During the Aurelia’s production life, capacity grew from 1.8 litres to 2.5 litres and horsepower doubled, from a starting point of 56hp.
At the rear was an innovative combination transaxle with the gearbox, clutch, differential and inboard-mounted drum brakes. Rear suspension was by semi-trailing arms that were replaced by a de Dion tube in the fourth series. The front suspension was the familiar sliding pillar design.
1951 Lancia Aurelia GT – Mr Choppers
Several body styles were offered: a four-door saloon, two-door GT coupé, two-door spider/convertible and a cowl/chassis for custom bodies by external coachbuilders.
The Aurelia was the first car to be fitted with radial tires as standard equipment: initially 165SR400 Michelin X and later, on sports models, 165HR400 Pirelli Cinturato.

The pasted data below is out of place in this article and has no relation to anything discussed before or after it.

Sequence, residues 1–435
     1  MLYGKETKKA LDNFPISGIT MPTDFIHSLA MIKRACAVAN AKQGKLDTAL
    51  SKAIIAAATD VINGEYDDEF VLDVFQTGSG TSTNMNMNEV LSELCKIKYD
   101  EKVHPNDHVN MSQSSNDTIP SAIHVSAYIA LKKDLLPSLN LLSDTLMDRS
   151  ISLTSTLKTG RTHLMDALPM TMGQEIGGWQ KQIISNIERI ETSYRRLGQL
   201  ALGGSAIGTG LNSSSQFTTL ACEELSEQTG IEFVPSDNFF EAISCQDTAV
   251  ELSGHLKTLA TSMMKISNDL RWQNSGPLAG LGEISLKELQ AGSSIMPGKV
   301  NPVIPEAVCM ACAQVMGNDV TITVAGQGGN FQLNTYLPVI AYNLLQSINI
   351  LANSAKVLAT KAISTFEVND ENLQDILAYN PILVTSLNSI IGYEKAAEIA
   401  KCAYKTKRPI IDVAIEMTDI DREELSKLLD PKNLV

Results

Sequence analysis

Lancia Aurelia B20 GT – Jakob-K
In addition, the Aurelia GT formed the basis of Lancia’s D23 and D24 sports racing cars that had twin-camshaft heads and optional superchargers. These specials had multi-tubular frame chassis, double wishbone front and de Dion rear suspension, and a transaxle transmission. The 3.3-litre V6 produced 265hp, giving the car a top speed of 260 km/h.
Lancia D24 – Marco-56
The D24’s most significant victories were those by Juan Manuel Fangio in the 1953 Carrera Panamericana, by Alberto Ascari in the 1954 Mille Miglia and by Piero Taruffi in the 1954 Targa Florio and Giro di Sicilia.
This drive for innovation and the constant quest for excellence and quality, despite complex construction processes and antiquated production machinery meant that all cars essentially had to be hand-made.
With little commonality between the various models, the cost of production continued to rise, while flat demand eventually affected Lancia’s viability.